There's a big difference between foods that contain compounds that can physically affect your brain chemistry and foods that just make us feel good. Foods in the latter group are called comfort foods. While foods that produce physical happiness affect our physiology, comfort foods provide happiness on a psychological level. When you're down in the dumps, however, you probably won't care about the distinction, as long as you feel better.
Psychological studies have turned up evidence that the comfort foods we crave are actually artifacts from our pasts [source: Galisson]. We all have memories of happier times, and by eating foods that remind us of those times, we symbolically consume that past happiness. Comfort foods can also be linked to specific people in our lives: Eating a specific food that a loved one favored can produce happy thoughts by triggering fond memories or associations of that person [source: Wansink]. This makes comfort foods fairly unique to each individual. If your childhood birthday parties represented the pinnacle of happiness for you, you'd likely crave birthday cake or some variation of the dessert when you're blue.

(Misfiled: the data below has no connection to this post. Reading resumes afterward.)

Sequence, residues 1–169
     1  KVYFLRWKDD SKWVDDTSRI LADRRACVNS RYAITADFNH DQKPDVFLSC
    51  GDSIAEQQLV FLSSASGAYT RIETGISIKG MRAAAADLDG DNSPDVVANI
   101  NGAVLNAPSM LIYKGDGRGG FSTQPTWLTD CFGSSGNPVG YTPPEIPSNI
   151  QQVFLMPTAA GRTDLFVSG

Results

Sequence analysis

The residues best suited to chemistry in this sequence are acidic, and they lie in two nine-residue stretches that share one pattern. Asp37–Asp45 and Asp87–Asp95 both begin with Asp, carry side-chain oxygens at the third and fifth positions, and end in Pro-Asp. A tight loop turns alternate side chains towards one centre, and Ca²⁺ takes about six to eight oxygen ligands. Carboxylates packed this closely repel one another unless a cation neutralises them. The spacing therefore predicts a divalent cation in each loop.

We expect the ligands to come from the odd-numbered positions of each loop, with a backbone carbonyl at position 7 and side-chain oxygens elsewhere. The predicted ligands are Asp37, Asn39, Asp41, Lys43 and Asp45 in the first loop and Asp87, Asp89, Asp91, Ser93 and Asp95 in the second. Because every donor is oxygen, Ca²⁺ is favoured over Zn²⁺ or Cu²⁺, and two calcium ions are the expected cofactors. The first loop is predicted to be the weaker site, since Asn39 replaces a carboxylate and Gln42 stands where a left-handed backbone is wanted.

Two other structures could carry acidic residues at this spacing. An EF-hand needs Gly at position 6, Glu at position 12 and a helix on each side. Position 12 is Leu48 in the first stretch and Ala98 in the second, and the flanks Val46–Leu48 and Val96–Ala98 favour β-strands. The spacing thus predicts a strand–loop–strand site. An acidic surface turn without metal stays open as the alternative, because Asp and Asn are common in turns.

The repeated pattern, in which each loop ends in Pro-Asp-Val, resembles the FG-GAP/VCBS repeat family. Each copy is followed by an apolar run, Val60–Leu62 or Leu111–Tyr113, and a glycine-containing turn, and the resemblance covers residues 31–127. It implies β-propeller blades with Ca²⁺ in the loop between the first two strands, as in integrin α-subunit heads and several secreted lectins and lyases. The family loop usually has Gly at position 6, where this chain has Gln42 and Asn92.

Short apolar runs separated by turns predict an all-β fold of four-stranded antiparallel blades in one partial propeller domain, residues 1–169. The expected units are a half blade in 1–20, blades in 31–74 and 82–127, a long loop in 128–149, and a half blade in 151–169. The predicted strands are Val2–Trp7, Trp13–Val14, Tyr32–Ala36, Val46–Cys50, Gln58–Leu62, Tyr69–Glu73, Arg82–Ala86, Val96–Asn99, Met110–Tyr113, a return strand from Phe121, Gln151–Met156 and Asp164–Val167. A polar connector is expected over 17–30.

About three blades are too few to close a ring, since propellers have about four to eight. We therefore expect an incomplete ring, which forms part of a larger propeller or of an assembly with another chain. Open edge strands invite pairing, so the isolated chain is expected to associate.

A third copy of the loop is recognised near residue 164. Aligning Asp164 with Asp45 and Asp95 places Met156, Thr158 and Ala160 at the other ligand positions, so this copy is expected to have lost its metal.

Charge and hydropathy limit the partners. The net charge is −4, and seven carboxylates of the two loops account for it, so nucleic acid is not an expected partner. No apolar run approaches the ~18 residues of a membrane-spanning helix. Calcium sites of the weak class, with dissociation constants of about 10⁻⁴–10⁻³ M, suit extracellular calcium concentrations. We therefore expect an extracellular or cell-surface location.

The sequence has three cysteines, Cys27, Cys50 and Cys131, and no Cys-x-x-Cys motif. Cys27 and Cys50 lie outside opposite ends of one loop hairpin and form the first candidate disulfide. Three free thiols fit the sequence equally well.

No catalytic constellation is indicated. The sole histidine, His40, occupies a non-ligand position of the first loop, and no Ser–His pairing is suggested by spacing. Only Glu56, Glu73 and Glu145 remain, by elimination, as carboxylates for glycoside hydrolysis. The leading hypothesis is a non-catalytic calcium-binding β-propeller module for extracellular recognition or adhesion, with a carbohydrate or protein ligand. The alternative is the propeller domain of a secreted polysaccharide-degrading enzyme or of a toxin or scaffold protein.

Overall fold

Although comfort foods (or the events attached to them) vary from person to person, the foods we associate with comforting or happy emotions vary by gender. A 2005 Cornell University survey of 277 men and women found that females tend to seek comfort in sweet and sugary foods like ice cream, while males prefer savory comfort foods like steak and soup [source: Smith]. The study also found that men tend to use comfort foods as a reward, while women often feel guilty after indulging.
Interestingly enough, the females' guilt may signal an evolutionary leg up over males. Regular comfort eating as a response to stress -- especially chronic stress -- is considered an unhealthy behavior akin to smoking cigarettes. Why? Because comfort foods are often low on nutrition. One 2007 study found that when given both grapes and hot buttered, salty popcorn to eat while watching a sad movie, the participants ate far more popcorn [source: Lang].
Read the next page to learn about how some foods may help you fight against depression, and how eating less can also make you happy.